The whole idea that a "grass roots" movement has to "craft a simple coalition message that we can all agree on" is nonsense. This is a diverse group of people that have been motivated into action in the wake of the 2008 election and the policies that are being pushed on America under the current administration. One only has to look at the signs in the Tea Party crowds to understand that while this is a group of people joined in frustration, its participants have many different priorities.
Just as the GOP may be misreading the nature of these movements, I think those that are striving for leadership of the movement are also misreading it. This isn't a movement that needs to be led, or even can be led.
To me, being part of the "Tea Party movement" is more of an attitude of resistance to what's going on, it's an attitude of conservative patriotism. To that extent, I'm part of the movement. I was at its birth when I attended the tax day tea party in Denver, and I continue to consider myself a member of the grass roots and "Tea Party" movement. But the moment someone presumes to call themselves the leader of the movement, I'll pretty much count myself out.
Not every movement needs to be formalized. Some movements just "are."
In fact, I think trying to formalize the Tea Party movement will destroy it. There will be divisions on matters of policy, wasted effort on trying to determine its leadership, there will be differences on whether a third party should be formed or whether the group should work within the existing party structures. And all the while every-day Americans will get bored and their excitement will evaporate.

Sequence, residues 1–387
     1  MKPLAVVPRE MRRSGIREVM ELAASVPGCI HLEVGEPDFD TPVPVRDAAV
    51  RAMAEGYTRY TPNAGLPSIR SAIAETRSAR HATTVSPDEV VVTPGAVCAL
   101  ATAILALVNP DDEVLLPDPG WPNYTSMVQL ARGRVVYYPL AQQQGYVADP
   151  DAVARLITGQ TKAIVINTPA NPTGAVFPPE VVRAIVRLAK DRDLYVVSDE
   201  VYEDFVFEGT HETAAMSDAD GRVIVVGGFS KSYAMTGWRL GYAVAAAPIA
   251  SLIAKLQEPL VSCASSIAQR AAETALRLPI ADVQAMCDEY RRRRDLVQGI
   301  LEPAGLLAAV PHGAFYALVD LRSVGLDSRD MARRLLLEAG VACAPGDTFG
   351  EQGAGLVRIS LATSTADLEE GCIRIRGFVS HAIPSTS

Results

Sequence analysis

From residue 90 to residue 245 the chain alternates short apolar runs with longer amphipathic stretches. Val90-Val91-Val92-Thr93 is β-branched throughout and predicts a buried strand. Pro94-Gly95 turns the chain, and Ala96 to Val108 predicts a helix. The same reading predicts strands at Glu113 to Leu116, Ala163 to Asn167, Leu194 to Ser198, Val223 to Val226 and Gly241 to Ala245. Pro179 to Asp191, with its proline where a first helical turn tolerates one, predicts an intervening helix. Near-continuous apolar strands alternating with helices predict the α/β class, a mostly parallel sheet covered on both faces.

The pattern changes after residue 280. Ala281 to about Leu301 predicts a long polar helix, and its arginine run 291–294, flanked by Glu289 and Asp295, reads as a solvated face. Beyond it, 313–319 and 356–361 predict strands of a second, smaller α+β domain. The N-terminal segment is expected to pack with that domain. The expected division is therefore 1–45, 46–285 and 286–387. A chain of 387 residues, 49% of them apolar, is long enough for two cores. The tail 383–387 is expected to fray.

If this happens, the Tea Party movement will fade away just like Ross Perot's United We Stand faded into irrelevance after handing the presidency to Bill Clinton.
What the GOP and Tea Party Needs
In my opinion both the GOP and the grass roots Tea Party movement need the same thing, and need each other.
We need people that are humble enough to do what's right to advance our principles for the benefit of the country rather than do what satisfies the personal ambition of the individual. We need people that use their influence to advance our common principles rather than simply seeking to advance their influence.
And we need people that can focus. On reality.
The simple reality is that everyone in the Republican Party should be part of the Tea Party movement, and vice versa. With few exceptions, our goals are--or should be--the same.
The fact that Tea Party movement bills itself as non-partisan is a testament to the failure of the GOP: As much as the movement detests liberal policies and as much as the movement's goals mirror those of the Republican party, they don't want to be associated with the Republican party. That must be a wake-up call to the Republican Party.